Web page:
Starlink passes 500,000 orders — here’s how coverage and speed stacks up

Starlink radar app in focus with Starlink logo in background
(Image credit: Photo Illustration by Pavlo Gonchar/SOPA Images/LightRocket via Getty Images)

Starlink, Elon Musk's satellite internet company, has reached a major milestone. As of yesterday (May 4), the company says it's amassed 500,000 $99 pre-orders. Along with the pre-order cost, the service also requires customers to buy a $500 kit, which Starlink is still losing money on. 

On the heel of this positive news for Starlink, Ookla Speedtest has also put out a report on what coverage and speed is looking like across the United States for the satellite internet network. 

"To date, over half a million people have placed an order or put down a deposit for Starlink," said SpaceX operations engineer Siva Bharadvaj during yesterday's launch webcast, as reported by CNBC.

During a Twitter exchange with CNBC reporter Michael Sheetz, Musk confirmed that serving 500,000 users would not be an issue. It's when the service moves past the multi-million mark that greater challenges will arise.

As for the Starlink service itself, it's still in beta, and service continues to improve as SpaceX launches more satellites into low-Earth (LEO) orbit. While some users have reported major increases in speeds, others have not seen the same gains. 

Testing firm Ookla found that users utilizing its Speedtest website have seen varied results based on geolocality. The median download speed ranges from 40.36 Mbps (Columbia County, Oregon) to 93.09 Mbps (Shasta County, California).

Generally, areas North of Seattle are seeing strong download speeds, exceeding 90 Mbps. There are pockets that swing a bit slower, around the 50 Mbps mark. Interestingly, areas in California show strong connections, as indicated in green on the map below. 

Ookla Starlink coverage and speed map

Starlink coverage and speed map (Image credit: Ookla)

Not all counties are seeing massive improvements to performance. While Tehama County in California saw speeds increase 545.6% over broadband providers, users in Clay County, Missouri saw 67.9% slower speeds.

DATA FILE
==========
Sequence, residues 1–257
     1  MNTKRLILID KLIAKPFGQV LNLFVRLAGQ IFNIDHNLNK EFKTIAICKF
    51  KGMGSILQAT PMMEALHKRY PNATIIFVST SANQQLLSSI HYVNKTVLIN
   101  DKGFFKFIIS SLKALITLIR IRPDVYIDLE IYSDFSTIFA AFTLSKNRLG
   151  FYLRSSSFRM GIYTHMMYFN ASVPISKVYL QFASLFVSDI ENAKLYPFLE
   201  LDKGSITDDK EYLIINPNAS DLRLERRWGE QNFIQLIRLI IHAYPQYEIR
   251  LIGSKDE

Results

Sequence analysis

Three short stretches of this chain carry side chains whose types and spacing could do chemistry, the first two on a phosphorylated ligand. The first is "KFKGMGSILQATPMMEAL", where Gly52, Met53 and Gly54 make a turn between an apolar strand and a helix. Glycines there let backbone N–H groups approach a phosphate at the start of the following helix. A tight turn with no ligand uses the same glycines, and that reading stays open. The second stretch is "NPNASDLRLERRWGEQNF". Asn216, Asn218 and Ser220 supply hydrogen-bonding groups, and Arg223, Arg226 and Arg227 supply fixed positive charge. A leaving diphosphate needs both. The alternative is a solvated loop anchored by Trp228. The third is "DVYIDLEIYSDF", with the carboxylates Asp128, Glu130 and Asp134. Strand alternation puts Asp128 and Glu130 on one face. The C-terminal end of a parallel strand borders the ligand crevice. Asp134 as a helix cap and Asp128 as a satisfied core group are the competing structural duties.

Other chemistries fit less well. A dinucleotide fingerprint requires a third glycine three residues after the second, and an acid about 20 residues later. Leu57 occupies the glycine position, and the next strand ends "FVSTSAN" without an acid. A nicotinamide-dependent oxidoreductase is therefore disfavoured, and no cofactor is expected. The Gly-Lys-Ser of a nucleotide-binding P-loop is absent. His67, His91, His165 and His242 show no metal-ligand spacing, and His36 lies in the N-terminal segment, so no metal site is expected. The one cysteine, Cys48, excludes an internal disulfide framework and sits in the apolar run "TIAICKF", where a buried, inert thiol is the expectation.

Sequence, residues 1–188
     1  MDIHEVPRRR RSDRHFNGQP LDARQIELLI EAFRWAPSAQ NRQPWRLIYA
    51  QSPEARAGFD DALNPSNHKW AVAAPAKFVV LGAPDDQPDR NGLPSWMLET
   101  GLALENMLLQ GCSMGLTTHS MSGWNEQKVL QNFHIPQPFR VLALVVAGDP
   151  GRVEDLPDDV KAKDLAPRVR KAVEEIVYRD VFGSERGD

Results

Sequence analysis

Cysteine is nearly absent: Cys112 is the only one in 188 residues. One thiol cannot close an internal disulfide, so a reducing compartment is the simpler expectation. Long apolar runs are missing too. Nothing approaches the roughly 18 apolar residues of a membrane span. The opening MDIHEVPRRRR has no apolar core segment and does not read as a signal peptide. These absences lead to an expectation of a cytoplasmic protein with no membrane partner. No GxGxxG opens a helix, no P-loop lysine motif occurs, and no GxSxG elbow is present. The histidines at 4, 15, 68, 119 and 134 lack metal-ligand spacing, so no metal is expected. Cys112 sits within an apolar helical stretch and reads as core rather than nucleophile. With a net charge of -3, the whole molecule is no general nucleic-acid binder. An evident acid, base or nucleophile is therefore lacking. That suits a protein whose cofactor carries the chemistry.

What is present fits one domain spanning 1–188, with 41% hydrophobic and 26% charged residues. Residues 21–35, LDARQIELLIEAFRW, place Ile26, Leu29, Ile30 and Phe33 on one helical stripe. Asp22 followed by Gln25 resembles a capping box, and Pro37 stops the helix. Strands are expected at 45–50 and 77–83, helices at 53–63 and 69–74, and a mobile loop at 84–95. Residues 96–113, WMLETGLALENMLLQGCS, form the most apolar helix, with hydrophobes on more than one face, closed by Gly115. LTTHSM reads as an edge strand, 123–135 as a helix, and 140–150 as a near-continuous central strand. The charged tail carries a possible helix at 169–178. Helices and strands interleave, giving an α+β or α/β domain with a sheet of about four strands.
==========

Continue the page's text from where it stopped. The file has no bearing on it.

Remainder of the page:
Ookla Speedtest Starlink Download Speed Comparison Map of U.S.

Starlink download speeds compared (Image credit: Ookla)

A major challenge for satellite internet is latency. Because a signal has to travel wirelessly from space, pings are often higher when compared to cable or fiber networks. Starlink aims to remedy this by orbiting its satellite internet megaconstellation as low as the FCC will allow. Actually, the company is likely to get FCC approval to lower its existing satellites to 550 kilometers above the Earth's surface. 

Regardless, while plenty of users have posted speedtest results with ping as low as 32ms, that hasn't been the case across the board, according to Ookla.

Starlink latency is 486% higher in the U.S. and 369% higher in Canada. Mariposa Country in California saw latency that was 17.4% lower than other providers, median values were between 31ms to 88ms. 

While these numbers don't match the 8ms latency that can be found with fiber and cable connections, a 31ms ping isn't awful. Plus, even hardwired internet can see high pings, such as is the case for Daviess Country in Kentucy, which averages 47ms. 

In Canada, latency is higher with Starlink when compared to competitors. Pings in British Columbia were 34ms and a significantly higher 61ms in Saskatchewan. 

This all means that Starlink has a ways to go before it can provide true global satellite internet coverage at reliable speeds. While the megaconstellation now has 1,500 satellites orbiting above the Earth's surface, it's still a long while away before reaching its initial 12,000 goal. And even then, Starlink plans to put as many as 42,000 satellites into orbit over the next few decades. But for people who live in rural communities, Starlink continues to offer the best hope for 4K Netflix streaming.

Imad Khan

Imad is currently Senior Google and Internet Culture reporter for CNET, but until recently was News Editor at Tom's Guide. Hailing from Texas, Imad started his journalism career in 2013 and has amassed bylines with the New York Times, the Washington Post, ESPN, Wired and Men's Health Magazine, among others. Outside of work, you can find him sitting blankly in front of a Word document trying desperately to write the first pages of a new book.